On the basis of patients’ answers in the interviews, the interviewers rated the same 35 items on a 5-point scale. The interviewer began the interview with the following request: "I would like you to tell me how your illness began." After the patient had described the illness history, the issue of depressive coping was brought up in the following way: "Sometimes people feel depressed when they suffer from an illness like that. Do you know this sort of feeling yourself?" The interviewer sought further information for the interviewer ratings of coping with the following question: "What helps you to come to terms with your situation?" The interviews were tape-recorded. The interviewers were advanced medical and psychology students who had received extensive training and were supervised once a week. The interviewers were blind to the patients’ medical records. Interrater reliability was assessed with intraclass correlation coefficients (ICCs) on the basis of 20 interviews that were rated by a second rater. The ICC was 0.76 for the depressive coping scale and 0.58 for the active coping scale. Disagreements between raters on this subset of 20 interviews were resolved by discussion.

The outcome variable was time from diagnosis to death. Follow-up assessments of survival times were performed in March 2001. By this time, 95 patients had died. Kaplan-Meier probabilities of survival were computed, with the continuous variables categorized at quartiles. Stage was split in the following manner: stages I, II, and IIIa versus stages IIIb and IV. Survival functions were compared by using the log-rank test for trend. In the multivariate Cox proportional hazards regression model, all variables with p values <0.10 in the univariate analysis were included. The assumption of proportional hazards was checked by plotting the log-minus-log functions. Continuous prognostic factors were entered as continuous covariates into the Cox proportional hazards regression model (7). The hazard ratio is the relative risk attributable to an increase by one unit in the level of a prognostic variable. All statistical tests were two-sided, and p<0.05 was considered significant. SPSS 10.0 software (SPSS, Inc., Chicago) was used for statistical analysis.

In the univariate analyses, both the self-report (χ2=4.86, df=1, p<0.03, log-rank test) and the interviewer ratings (χ2=6.87, df=1, p<0.02, log-rank test) of depressive coping were predictive of survival. The interviewer rating of active coping was not a significant predictor of survival, but it met the criterion for inclusion in the multivariate analysis (χ2=2.81, df=1, p=0.09, log-rank test). However, active coping showed no effect when assessed by self-reports (χ2=0.27, df=1, p=0.60, log-rank test). There were significant effects of tumor stage (χ2=8.57, df=1, p=0.003, log-rank test), Karnofsky performance scale score (χ2=22.59, df=1, p<0.001, log-rank test), and histological cell type, i.e., small-cell versus non-small-cell tumors (χ2=4.84, df=1, p<0.03, log-rank test). In addition, physicians’ ratings of the severity of the disease were predictive of shorter survival (χ2=5.87, df=1, p<0.02, log-rank test).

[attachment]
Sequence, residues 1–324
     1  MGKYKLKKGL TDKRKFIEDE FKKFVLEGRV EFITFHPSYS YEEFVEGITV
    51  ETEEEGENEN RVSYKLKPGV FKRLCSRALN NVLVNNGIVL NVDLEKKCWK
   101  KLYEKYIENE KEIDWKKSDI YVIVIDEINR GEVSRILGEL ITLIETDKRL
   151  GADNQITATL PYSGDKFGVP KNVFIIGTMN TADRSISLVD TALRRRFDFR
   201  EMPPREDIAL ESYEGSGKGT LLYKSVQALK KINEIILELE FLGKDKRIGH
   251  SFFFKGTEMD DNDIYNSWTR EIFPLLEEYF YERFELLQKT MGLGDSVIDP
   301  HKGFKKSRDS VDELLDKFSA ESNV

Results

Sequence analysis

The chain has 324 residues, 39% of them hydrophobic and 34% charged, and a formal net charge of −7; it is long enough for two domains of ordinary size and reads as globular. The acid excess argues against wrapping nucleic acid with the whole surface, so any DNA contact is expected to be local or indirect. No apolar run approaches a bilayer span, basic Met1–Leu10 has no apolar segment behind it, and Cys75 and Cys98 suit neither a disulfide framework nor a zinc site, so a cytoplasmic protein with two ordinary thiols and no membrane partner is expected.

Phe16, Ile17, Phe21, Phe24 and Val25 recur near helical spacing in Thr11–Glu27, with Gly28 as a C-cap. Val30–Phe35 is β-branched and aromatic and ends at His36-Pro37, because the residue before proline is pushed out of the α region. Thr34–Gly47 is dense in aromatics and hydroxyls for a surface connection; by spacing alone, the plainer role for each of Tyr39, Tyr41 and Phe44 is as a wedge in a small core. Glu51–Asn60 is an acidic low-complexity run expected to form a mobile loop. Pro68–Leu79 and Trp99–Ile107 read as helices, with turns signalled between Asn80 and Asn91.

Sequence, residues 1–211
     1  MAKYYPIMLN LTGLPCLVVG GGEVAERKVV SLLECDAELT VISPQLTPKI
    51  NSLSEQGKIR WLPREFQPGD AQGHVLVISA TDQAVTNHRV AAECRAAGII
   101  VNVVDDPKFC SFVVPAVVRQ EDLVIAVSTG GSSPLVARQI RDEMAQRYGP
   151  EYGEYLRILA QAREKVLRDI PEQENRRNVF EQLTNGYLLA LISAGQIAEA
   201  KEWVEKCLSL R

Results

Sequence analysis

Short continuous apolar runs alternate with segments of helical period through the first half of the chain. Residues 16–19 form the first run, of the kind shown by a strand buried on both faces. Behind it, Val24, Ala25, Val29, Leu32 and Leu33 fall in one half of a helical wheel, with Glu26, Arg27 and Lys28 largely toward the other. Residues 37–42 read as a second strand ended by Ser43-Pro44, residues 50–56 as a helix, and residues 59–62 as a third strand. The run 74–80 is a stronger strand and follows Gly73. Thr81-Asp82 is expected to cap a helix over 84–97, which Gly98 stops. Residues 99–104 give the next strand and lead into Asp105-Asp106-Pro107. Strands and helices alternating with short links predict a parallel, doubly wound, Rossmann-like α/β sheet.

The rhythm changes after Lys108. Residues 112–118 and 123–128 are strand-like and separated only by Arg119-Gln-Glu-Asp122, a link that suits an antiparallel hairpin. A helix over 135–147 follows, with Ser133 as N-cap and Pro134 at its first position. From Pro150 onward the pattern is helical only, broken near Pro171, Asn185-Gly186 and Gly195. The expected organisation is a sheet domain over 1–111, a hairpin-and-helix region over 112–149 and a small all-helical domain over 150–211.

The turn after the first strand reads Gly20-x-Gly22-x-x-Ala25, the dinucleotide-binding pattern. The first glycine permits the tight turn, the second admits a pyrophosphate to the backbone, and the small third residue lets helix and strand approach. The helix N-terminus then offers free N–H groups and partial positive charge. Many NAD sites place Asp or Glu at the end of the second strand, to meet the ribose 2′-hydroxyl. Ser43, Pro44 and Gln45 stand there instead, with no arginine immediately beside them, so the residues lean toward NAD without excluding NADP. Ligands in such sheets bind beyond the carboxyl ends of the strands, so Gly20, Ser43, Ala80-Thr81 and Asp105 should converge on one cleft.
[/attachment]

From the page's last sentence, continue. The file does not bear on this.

Since the self-report and the interviewer ratings of depressive coping were correlated (r=0.41, df=95, p<0.05), only the self-report was entered in the Cox regression analysis. However, active coping and depressive coping were not correlated and consequently were examined in the same equation. In the multivariate model (N=93, owing to missing values), both the self-report of depressive coping (Wald χ2=11.92, df=1, p=0.001, relative risk=1.91, 95% confidence interval [CI]=1.32–2.77) and the interviewer rating of active coping (Wald χ2=4.46, df=1, p<0.04, relative risk=0.72, 95% CI=0.54–0.98) were independent predictors of survival time. In addition, tumor stage (stages IIIb and IV versus stages I, II, IIIa) (Wald χ2=6.00, df=1, p<0.02, relative risk=1.92, 95% CI=1.14–3.22) and Karnofsky performance scale score (Wald χ2=16.60, df=1, p<0.001, relative risk=0.96, 95% CI=0.95–0.98) were predictors of survival time. Cancer cell type (small-cell versus non-small-cell) was not a predictor of survival time (Wald χ2=1.49, df=1, p=0.22, relative risk=0.75, 95% CI=0.47–1.19).